Laparoscopy for digestive problems
What is laparoscopy?
Sometimes called keyhole surgery, laparoscopy is a procedure that allows your consultant to diagnose and treat conditions affecting your abdomen and pelvis using a camera inserted through a small cut in the abdominal wall. A diagnostic laparoscopy will help to diagnose your problem, allowing your doctor to suggest management and treatments specific to you.
Laparoscopic surgery can be used to treat complications of conditions including:
- Crohn’s disease
- Colorectal cancer
- Familial polyposis, a condition causing multiple colon polyps that puts you at higher risk of colorectal cancer
- Bowel incontinence
- Rectal prolapse, a protrusion of the rectum through the anus
- Ulcerative colitis
- Colon polyps that are too large to remove by colonoscopy
- Chronic severe constipation that is not successfully treated with medication
What happens during laparoscopy
During a laparoscopy, a small incision (0.5-1cm) is made near to the belly button and a small tube is passed through the abdominal wall, which allows a laparoscope (camera) to inspect the abdominal cavity. Carbon dioxide gas is used to distend the abdominal cavity to create space to allow your doctor to see the abdominal structures more clearly. Extra incisions (cuts) may be made to allow placement of other instruments to allow careful inspection of the abdominal cavity. F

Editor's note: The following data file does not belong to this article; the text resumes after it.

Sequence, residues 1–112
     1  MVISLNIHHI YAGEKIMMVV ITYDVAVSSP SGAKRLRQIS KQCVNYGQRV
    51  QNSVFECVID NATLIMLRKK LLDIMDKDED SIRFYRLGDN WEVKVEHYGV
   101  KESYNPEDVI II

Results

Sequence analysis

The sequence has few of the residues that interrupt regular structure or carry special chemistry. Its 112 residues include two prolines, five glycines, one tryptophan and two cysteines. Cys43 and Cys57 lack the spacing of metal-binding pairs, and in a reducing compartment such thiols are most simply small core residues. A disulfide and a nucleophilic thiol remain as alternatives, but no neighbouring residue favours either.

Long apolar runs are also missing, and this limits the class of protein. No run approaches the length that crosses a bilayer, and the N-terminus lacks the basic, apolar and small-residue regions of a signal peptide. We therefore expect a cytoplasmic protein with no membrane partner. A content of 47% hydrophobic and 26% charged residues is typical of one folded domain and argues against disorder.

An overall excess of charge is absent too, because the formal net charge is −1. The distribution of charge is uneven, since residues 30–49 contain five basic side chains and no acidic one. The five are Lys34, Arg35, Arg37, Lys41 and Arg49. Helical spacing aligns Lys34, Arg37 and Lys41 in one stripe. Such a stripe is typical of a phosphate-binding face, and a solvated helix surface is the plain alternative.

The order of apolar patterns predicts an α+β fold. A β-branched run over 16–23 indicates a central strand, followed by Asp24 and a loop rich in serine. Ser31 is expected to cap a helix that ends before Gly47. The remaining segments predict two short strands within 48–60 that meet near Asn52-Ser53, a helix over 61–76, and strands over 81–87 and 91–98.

At the end of the procedure, the carbon dioxide gas is released and the incisions are closed by absorbable sutures (stitches).
A diagnostic laparoscopy usually takes no more than 30 minutes and is performed under general anaesthesia, but local anaesthetic is usually administered into the skin to reduce post-operative pain.